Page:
Multilobular bone tumor is an uncommon bone neoplasm, most frequently described in the skull of medium to large breed dogs, with absence of sexual predisposition . In this case report we describe its occurrence in an 8-year-old mixed breed dog, medium size, located in the parietal region to the right occipital region of skull. This neoplasm presents as a firm, palpable mass with symmetrical and eccentric growth, usually over the bones of the head [1,2,5,6]. Clinical manifestations and behavioral changes arise due to compression of adjacent structures [5,10], a phenomenon described by the animal’s owner in the form of convulsive crises. In this type of neoplasm, an increase in serum levels of alkaline phosphatase may occur due to the release of bone isoenzyme in cases of reactive lesions , a finding verified in our report. By performing imaging tests such as radiography and magnetic resonance, it was possible to observe the location of the bone tumor since the parietal region to the right occipital region, with dissemination to the parietal left of skull. These imaging tests were essential for establishing a diagnosis and providing the owner with guidance on the animal’s prognosis, since the location of the neoplasm made aggressive surgical excision with a wide margin impossible . Histologically, a mesenchymal proliferation was observed with stretches forming lobular outlines delineated by bundles of fusiform cells. Inside the lobules, an atypical cartilaginous component and foci with immature osteoid matrix were visualized, containing tumor cells with a fusiform or rounded appearance, with rounded to oval nuclei, as described in the literature [4,5,13,14]. After the diagnostic confirmation of a multilobular bone tumor, the owner was instructed on the patient’s prognosis. Due to the development of neurological symptoms and the impossibility of surgical removal, the animal’s owner opted for euthanasia.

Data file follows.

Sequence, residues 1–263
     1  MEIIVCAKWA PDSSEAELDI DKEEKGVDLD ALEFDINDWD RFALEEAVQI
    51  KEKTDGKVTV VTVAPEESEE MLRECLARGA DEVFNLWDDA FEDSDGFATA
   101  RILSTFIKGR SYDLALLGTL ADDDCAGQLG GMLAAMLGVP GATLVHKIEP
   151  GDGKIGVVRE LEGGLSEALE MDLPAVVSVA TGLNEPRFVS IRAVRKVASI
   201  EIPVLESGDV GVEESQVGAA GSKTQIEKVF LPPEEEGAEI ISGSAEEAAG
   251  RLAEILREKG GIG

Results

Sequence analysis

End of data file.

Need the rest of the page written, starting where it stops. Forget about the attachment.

The association between the clinical signs, imaging tests and histopathology allowed the establishment of the diagnosis of a multilobular bone tumor in an 8-year-old male Brazilian crossbred dog.